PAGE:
Adapt our job descriptions, incorporating the knowledge that different candidates react differently to certain language and elements (e.g., men are more likely to apply to jobs where they don't meet all listed requirements). Three changes we've made:

  • Replace "Requirements" with a section called "You're likely to succeed if," which focuses on capabilities and outcomes and avoids past experiences that would narrow the candidate pool
  • Explicitly encourage candidates from underrepresented groups to apply in every job description
  • Ensure inclusive language, using a tool to detect wording that may appeal more to men than women

Share our commitment publicly. We added a commitment to diversity to our About Us page. We will also begin sharing more from inside our team about this topic and related ones, starting with this post.

Invest in proactive sourcing

We will spend time, money and creativity to bring more candidates from a diverse set of backgrounds into our pipeline. A few actions we are taking towards this:

Tech talks: our team will start doing these far and wide in the tech world to build bridges in new communities (if you'd like to set one up, reach out!)

Be wary of opportunistic hires: these tend to be from similar backgrounds, and deprives us of an opportunity to build a more intentional pipeline. This is so hard because when a great candidate from our network emerges, it's likely a very high signal on a very strong candidate. We haven't ruled this out for certain specialized roles, but we cannot let it become a habit.

Refine our interview process to value difference and remove bias

A few changes we are making on this front:

Early rounds will focus on skills relevant to the role. Later rounds, with more of the team involved, will evaluate value alignment and teamwork so there are more perspectives to balance out potential biases.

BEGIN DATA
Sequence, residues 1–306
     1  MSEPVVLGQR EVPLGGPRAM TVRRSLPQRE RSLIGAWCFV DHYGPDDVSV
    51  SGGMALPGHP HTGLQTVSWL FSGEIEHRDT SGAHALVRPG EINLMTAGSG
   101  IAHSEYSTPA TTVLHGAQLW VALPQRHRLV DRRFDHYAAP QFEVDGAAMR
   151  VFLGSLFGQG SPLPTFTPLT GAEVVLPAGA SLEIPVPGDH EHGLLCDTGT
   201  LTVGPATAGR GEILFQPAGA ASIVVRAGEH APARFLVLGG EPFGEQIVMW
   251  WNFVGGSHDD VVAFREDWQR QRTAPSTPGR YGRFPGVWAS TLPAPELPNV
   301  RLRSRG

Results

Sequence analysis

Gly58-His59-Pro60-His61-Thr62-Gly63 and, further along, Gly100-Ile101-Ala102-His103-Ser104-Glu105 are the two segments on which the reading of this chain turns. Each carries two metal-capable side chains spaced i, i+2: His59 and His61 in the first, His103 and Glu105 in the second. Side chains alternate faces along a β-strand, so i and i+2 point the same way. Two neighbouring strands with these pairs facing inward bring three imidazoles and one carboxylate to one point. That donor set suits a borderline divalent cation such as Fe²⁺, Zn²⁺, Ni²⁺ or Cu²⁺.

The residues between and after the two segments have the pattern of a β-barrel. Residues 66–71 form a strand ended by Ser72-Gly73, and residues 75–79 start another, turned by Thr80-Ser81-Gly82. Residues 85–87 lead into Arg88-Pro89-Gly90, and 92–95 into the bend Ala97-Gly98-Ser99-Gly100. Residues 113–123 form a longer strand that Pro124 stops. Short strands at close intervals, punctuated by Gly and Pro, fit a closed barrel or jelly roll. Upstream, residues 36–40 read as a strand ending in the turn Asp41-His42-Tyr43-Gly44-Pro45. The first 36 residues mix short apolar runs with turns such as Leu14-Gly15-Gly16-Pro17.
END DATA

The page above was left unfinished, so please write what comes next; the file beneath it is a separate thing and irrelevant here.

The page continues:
Removed sources of bias from our scorecard. For example, we used to score candidates on if they "would bring energy to our team." The goal was to find people who would energize us to work with, but it ended up creating a tilt towards high-energy extroverts which was not the intent.

Add "Would bring a new dimension to the team" to our scorecard, to make sure we consider this for every candidate.

Ensure we operate as an inclusive team

Most of our current efforts are focused on hiring. But equally essential is maintaining an inclusive team culture that is welcoming, inspiring, and comfortable to all. This is critical to retaining candidates and to make sure our outreach to new candidates is authentic. It also lets us all be happier and more productive, and comfortable being ourselves.

Seek help from groups and people doing great work in this arena

We have a lot to learn and a long way to go. There are great teams and individuals that we can learn from, support, and work with. We have a list of those we've already been inspired or educated by. Over time, we'll aim to partner with organizations driving diverse hiring in Web3, amplify the voices of those helping make Web3 a beacon of equity in tech, and make long-term commitments to support the most aligned communities.

We also continue to do more of this work in public. We hope this will allow others to learn from our experience and open opportunities to work together to improve the practices and norms throughout the ecosystem. We also hope it creates an opportunity for the community to provide feedback and advice back to us. We have a long ways to go and value any support, critiques, and help.